Saiya Miller led a workshop, “Graphic Content: Transforming Sex Education with Comics”on Saturday 4/6/2013 in the Harold Johnson Library at Hampshire College. The workshop, part of the Five College Women’s Research Center symposium: “Mediating Public Spheres: Genealogies of Feminist Knowledge in the Digital Age”, attracted 23 participants from the New England region.
Among the 23 women and one male, the group included: a student newspaper cartoonist, a professor who teaches comics at Pennsylvania State University, a representative from the Barnard Center for Research on Women, a Hampshire student interested in body representation in comics, three Mount Holyoke students who are part of the Mount Holyoke Zine Club, two of the Five College Women’s Studies Research Center Associates, an avid reader of graphic novels studying women and pop culture; a Ware MA resident who works with young people making Zines, a writer/editor, and a teacher.
Saiya Miller, educator and activist, presented images from early feminist zines, starting with “Sandy Comes Out”, written in 1973 – created by women in San Francisco who were “fuming at the masogonist comics world.” Miller explained that there wasn’t a place for women, so women’s comics like “Wimmens Comix”, “It Aint Me Babe”, “Tits & Clits” sought to address that gap. Miller highlighted the work of Allison Bichtel, cartoonist and graphic artist; Ariel Schrag who authored a high school comic diary, contemporary queer web Comics by Tab Kimpton, and an Israeli comic artist named Mysh illustrated haikus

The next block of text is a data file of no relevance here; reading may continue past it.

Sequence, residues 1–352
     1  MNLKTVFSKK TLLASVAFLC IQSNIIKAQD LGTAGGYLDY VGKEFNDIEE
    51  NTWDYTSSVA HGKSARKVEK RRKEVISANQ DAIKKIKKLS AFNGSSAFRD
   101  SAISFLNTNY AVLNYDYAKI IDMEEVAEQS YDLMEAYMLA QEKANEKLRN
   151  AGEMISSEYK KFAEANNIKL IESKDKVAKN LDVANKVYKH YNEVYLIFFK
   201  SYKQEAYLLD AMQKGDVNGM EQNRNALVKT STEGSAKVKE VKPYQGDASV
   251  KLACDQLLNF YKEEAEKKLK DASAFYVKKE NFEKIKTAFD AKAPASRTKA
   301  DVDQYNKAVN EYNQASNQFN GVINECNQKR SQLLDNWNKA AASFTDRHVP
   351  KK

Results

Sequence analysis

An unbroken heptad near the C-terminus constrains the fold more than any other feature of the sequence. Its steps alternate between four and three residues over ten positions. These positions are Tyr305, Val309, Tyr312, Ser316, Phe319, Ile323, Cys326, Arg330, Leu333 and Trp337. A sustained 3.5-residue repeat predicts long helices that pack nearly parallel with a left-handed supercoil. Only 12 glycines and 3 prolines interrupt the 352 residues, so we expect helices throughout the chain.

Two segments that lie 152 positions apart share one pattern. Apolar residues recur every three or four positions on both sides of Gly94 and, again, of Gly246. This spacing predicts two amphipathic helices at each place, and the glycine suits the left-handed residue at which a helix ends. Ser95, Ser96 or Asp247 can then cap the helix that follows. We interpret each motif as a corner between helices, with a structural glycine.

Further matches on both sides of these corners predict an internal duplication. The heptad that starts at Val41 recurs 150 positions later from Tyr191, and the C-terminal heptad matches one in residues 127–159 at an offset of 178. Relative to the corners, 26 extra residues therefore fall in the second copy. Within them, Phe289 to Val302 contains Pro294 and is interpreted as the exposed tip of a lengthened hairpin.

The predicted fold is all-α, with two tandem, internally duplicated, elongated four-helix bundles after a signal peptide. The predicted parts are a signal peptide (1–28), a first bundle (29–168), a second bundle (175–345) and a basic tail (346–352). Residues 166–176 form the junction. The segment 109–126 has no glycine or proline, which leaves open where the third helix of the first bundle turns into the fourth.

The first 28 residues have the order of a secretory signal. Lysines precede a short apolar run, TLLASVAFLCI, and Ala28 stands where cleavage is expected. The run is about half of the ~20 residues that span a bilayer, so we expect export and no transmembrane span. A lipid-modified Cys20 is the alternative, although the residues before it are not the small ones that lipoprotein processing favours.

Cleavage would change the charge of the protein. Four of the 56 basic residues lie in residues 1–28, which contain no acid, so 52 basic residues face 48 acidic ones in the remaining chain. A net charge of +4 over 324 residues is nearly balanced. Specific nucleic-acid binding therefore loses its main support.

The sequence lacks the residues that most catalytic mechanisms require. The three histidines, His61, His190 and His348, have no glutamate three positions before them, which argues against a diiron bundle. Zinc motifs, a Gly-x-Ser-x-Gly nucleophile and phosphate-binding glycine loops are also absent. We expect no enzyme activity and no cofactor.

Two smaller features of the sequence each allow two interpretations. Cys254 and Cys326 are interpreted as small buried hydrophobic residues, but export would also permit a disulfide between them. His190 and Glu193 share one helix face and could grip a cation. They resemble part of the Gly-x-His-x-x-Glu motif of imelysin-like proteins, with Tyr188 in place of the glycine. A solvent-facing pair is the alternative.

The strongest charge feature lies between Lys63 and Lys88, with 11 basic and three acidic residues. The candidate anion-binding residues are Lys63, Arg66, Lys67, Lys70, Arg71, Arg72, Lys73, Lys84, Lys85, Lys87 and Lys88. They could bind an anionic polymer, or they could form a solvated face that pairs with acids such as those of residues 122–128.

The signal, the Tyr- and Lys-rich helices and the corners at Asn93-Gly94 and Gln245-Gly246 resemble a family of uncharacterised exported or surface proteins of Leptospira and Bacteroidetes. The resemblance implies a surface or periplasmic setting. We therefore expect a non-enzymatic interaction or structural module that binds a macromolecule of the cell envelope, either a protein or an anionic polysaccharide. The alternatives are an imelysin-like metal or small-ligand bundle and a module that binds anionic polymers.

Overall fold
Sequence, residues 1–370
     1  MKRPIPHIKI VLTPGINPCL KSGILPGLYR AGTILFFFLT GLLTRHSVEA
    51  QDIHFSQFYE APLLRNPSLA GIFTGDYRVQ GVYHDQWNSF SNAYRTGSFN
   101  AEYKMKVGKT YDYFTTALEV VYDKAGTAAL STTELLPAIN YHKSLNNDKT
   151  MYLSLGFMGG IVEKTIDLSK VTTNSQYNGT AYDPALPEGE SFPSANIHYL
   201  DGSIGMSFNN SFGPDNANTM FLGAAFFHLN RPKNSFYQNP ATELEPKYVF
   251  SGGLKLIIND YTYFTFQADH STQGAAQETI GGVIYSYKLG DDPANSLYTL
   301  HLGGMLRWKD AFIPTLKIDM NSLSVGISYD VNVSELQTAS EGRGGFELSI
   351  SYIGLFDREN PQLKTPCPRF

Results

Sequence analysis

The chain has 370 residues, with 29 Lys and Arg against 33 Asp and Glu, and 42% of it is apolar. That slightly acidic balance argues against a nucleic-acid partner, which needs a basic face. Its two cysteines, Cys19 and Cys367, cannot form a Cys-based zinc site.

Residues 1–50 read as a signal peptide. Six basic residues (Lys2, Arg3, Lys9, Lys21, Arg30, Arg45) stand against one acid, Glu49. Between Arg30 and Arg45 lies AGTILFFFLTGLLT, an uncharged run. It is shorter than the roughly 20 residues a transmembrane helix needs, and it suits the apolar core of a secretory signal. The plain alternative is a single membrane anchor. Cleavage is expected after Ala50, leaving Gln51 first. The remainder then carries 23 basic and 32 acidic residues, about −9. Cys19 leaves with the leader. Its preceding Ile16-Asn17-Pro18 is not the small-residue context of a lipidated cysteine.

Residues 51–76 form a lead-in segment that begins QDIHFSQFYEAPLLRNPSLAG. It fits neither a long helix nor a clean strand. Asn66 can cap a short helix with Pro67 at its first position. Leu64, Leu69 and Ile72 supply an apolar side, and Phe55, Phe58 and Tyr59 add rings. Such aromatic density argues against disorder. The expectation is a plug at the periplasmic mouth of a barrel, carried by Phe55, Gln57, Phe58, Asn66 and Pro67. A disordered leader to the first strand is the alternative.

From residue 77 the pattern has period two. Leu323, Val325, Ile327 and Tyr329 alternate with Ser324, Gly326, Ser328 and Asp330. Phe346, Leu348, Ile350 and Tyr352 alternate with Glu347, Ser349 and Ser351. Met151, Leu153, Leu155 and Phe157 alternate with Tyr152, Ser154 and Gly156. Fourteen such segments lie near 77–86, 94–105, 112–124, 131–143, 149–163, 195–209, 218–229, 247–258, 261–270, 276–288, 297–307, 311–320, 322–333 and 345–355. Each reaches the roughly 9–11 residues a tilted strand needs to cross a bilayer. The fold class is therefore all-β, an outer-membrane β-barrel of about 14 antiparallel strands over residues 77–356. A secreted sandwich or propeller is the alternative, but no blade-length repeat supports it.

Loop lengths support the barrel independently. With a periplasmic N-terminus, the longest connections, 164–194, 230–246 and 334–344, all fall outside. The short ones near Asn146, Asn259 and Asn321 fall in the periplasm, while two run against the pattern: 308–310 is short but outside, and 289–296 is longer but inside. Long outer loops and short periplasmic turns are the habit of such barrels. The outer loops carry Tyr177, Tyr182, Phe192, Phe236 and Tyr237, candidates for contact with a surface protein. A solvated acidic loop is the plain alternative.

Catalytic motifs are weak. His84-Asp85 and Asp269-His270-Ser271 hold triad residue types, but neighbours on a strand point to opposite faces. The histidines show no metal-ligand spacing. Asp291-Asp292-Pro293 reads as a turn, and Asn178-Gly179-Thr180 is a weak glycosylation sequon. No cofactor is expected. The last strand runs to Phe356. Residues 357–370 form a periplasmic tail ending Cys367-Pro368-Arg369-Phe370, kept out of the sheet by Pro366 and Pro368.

- What must be taken into consideration into making a feminist comic in our current time?
- How do you reflect the values of a transformative movement?
- What is different about the digital age? What is the same?
What is Sex Education?
Saiya then talked about her transformational project she undertook while in college to create a sex education comic book called Not Your Mother’s Meatloaf: A Sex Education Comic Book. That zine, now available online covered topics like: contraception, queer sex, sex as an expression of love, sex as part of the continuum of all biologies, and a move away from heteronormative content. (Not Your Mother’s Meatloaf, issues 1-5 are now part of the library’s permanent collection and available for use!)
The culmination of the workshop was a group zine project. Miller broke the workshop into groups of 4, assigning each group 3 prompts. Each workshop participant responded to the following prompts, creating a page for each. The pages were later bound together into a giant zine: and each group was tasked with creating 4 pages to be assembled later into a giant “Sex Ed Comic Zine”, addressing the following topics:
- One thing I was told as a kid that was a myth, fact, lie, distorted truth, skewed belief
- What would you tell you 13-year-old self?
- What would you tell your 16 year old self?
- What would you tell your college self?
The workshop zine was donated to the Hampshire College library and is available for use in the archives. It will soon be digitized and available online.
Additional photographs of the workshop, and symposium, are available.
All photographs courtesy of Nancy Palmieri (2013)
Saiya Miller graduated from Eugene Lang College, The New School for Liberal Arts. She has worked as an educator and activist, teaching art and music, as well as using comics and zines in workshops for teenagers. She lives in Brooklyn, NY and Vermont.